Shift work on it’s own is tough for a Police Officer and First Responder. In addition to long hours, it is difficult to figure out how to sleep and eat on shift.   Add to it all of the unknowns that come up on shift and it is next to impossible to get into a routine or schedule. Especially if your perspective is of someone who works a 9-5, Monday to Friday regular scheduled job.     

Between travel time to and from your 10 – 12 hour shifts and trying to get 8 hours sleep there is little time left to prep food. AND that is if you ended shift on time and didn’t have any difficulty getting to sleep and staying asleep! Prepping can get even more tasking when you are so exhausted that simple tasks take double or triple the time with your foggy brain.

There’s no perfect solution

Often the easiest option is to buy food when and if you can on shift.  And that leaves you to the mercy of what is open at 3am when you finally have a chance to eat.   

And then there are the days that you do bring food, but it sits in your duty bag for the whole shift because you can’t get to it as you are tied up on a call or in the middle of a crisis and can’t leave your post.  


You have only 2 minutes to eat super quick before heading to your next call or while someone quickly relieves you at your post to run to the washroom and shove food in your mouth and you don’t have enough time for both or to get enough food in to sustain you.


You bring enough food for your shift, but don’t have enough for the overtime you are now on.

We could go on and on with these scenarios, because they happen on each and every shift.   

Which is why it is important to ditch everything you have learned about eating that was meant for someone who works a 9-5 Monday to Friday job.

In part 1 of How how to eat on a shift work schedule, let’s look at things from a different lense.  

We will factor in the scenarios that you encounter on the job. And tkae into consideration, the lifestyle you lead with shift work and long working hours.  Think outside the box.


The first thing is that one shift is no different than the other when it comes to food.   

I am often asked what to eat on night shift.   The reason you struggle with this is because you are thinking of your shifts in terms of night and day. And of course we don’t eat at night according to the rules for someone who works 9am to 5pm and goes to bed in the evening.  

But you don’t live that life.   

You don’t live the 9-5 life.

Think of your shifts more as the time you are awake.  When you are awake, your body needs fuel to feed your brain and muscles.   Regardless if you working nights or days, your brain still needs to think and your body needs to be active.  

Meal Schedule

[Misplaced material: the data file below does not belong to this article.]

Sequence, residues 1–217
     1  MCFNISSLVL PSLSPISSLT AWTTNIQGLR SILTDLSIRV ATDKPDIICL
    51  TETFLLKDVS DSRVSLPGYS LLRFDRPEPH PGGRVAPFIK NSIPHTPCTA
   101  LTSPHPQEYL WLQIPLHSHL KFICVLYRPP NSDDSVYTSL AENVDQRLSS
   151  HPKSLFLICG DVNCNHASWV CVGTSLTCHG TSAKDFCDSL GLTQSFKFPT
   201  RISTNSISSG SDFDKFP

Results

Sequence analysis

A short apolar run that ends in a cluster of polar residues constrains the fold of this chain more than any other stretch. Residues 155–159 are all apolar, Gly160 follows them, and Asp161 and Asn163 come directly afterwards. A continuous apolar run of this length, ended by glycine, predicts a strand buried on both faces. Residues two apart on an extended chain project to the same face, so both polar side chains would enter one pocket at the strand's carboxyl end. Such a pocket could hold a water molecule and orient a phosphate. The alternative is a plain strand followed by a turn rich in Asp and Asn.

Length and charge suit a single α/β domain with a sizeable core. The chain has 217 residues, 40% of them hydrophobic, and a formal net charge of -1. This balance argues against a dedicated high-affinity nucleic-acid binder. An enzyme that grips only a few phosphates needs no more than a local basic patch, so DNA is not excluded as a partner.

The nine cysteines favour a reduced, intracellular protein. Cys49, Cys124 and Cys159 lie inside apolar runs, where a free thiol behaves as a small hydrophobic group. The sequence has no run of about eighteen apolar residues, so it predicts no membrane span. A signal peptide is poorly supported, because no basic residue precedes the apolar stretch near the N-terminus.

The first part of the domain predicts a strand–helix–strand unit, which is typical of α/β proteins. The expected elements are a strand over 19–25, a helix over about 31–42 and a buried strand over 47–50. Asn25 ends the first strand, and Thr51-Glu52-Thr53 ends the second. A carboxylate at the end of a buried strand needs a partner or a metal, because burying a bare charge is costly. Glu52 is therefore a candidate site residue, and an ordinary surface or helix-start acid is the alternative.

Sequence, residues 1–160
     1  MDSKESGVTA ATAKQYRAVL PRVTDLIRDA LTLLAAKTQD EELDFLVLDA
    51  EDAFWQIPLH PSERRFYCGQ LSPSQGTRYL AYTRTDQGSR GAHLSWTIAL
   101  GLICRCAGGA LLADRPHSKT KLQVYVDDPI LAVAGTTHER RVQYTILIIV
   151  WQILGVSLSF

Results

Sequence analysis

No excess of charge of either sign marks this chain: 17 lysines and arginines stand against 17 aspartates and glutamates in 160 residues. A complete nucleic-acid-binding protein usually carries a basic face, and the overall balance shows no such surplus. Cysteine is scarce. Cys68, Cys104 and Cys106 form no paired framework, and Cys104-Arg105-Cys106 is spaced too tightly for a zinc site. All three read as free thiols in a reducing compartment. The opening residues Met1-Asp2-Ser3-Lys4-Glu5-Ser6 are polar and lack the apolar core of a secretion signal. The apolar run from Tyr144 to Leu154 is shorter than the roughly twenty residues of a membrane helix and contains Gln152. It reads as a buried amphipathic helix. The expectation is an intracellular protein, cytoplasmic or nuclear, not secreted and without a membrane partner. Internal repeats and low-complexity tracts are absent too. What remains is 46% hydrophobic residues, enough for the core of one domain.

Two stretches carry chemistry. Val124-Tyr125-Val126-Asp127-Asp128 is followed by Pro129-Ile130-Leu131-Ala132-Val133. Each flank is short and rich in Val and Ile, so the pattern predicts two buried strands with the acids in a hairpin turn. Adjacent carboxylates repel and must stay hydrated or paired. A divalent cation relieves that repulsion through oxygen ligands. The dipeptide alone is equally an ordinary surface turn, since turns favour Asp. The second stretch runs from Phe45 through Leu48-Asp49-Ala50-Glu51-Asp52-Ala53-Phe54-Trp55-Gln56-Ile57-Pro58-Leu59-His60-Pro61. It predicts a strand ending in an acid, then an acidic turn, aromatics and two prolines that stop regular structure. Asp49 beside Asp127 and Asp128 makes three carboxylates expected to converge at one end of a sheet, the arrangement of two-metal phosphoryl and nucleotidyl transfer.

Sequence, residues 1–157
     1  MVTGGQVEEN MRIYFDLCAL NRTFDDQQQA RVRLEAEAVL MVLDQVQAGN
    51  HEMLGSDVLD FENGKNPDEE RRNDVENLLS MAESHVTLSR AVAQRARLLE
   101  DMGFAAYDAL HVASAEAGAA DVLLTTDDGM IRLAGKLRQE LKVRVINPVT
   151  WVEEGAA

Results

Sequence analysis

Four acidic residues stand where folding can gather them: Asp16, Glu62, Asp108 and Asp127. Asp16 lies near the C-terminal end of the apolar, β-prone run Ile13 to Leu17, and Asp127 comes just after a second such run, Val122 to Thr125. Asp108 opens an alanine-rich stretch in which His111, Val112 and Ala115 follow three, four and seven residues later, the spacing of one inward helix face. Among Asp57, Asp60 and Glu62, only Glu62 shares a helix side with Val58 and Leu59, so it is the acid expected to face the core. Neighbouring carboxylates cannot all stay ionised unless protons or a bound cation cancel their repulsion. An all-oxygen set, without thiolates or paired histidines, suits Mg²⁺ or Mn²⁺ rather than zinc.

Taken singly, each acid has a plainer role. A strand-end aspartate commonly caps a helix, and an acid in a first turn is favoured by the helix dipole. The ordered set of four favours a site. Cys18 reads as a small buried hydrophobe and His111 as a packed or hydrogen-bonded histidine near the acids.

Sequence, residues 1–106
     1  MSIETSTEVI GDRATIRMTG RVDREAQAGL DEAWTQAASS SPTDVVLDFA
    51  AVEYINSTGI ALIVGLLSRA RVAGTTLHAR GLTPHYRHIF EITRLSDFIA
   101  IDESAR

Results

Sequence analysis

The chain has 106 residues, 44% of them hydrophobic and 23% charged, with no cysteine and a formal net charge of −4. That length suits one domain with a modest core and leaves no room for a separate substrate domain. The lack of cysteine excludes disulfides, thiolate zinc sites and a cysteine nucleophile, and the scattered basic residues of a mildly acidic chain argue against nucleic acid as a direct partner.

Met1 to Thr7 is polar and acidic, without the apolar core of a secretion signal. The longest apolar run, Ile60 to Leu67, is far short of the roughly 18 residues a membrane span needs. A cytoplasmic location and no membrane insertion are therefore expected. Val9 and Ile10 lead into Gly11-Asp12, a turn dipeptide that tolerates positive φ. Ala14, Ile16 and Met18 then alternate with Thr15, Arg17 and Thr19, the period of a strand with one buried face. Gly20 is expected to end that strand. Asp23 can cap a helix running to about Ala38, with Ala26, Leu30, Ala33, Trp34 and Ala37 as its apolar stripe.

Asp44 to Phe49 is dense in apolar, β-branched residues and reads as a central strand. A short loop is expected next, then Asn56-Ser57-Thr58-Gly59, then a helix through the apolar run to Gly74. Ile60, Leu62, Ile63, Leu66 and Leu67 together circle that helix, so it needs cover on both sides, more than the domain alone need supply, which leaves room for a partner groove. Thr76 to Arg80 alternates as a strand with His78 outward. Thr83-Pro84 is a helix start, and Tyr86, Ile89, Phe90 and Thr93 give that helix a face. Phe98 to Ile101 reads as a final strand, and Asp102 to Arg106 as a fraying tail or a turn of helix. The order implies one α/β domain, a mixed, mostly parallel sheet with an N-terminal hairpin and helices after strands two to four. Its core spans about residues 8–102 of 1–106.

When planning meals for shift, they are the same for a day shift as a night shift.   

Here is an example.  Note that the meals are scheduled as if you were able to eat on a consistent basis, (which we know is not true for most every shift).   Day and Night shifts have similar energy requirements required from the food you eat.

Day Shift
430am wake up eat breakfast
9am snack
12pm lunch
5pm Dinner
8pm snack (good fat, low
carb to help sleep)
9pm bed

Night Shift
3pm-4pm   Breakfast
6pm snack (good fat, low
carb + quick nap)
11pm-12am  Lunch
4-5am Dinner
730am snack (good fat, low
carb to help sleep)
830am bed

Side note

On night shift, you may opt to switch your first snack and breakfast around on night shift so that your breakfast is actually dinner with your family.   

Just because the moon is out and you are living the life of a vampire, does not mean your body requires less energy during your waking hours than it would if you were doing the same thing in the sunlight.     

Even if you were sitting at a desk your entire night shift you would require the same amount of energy as someone who sits at a desk all day.  

How to plan accordingly

Now that we have shifted your mindset on what your body needs during shift, it’s time to learn how to plan meals for every scenario that you come up against on shift work as a Police Officer and First Responder.   

You know what I am talking about.   The times when you can’t go back to the station to eat your lunch, being stuck on a call and can’t get to your food, or someone can quickly relieve you for 5 minutes to relieve yourself and eat.

I cover this in my blog, How To Eat On Shift Work Part 2.

You have to live the life of a Police Officer and First Responder or live with one, to truly understand what life of shift work and all of the unknowns that are thrown at you in a day feels like.  Sometimes that can feel isolating. But it doesn’t have to be. Join my free 911 Stress Management community full of Officers and First Responders and their families from all over North America where we support and motivate each other.   You will also learn more great info on how to get a solid sleep, boost your energy, calm your short fuse and prevent burnout on the job from me.

Join the 911 Stress Management Community Today


The advice provided in this article is for informational purposes only. It is meant to augment and not replace consultation with a licensed health care provider. Consultation with a Naturopathic Doctor or other primary care provider is recommended for anyone suffering from a health problem.

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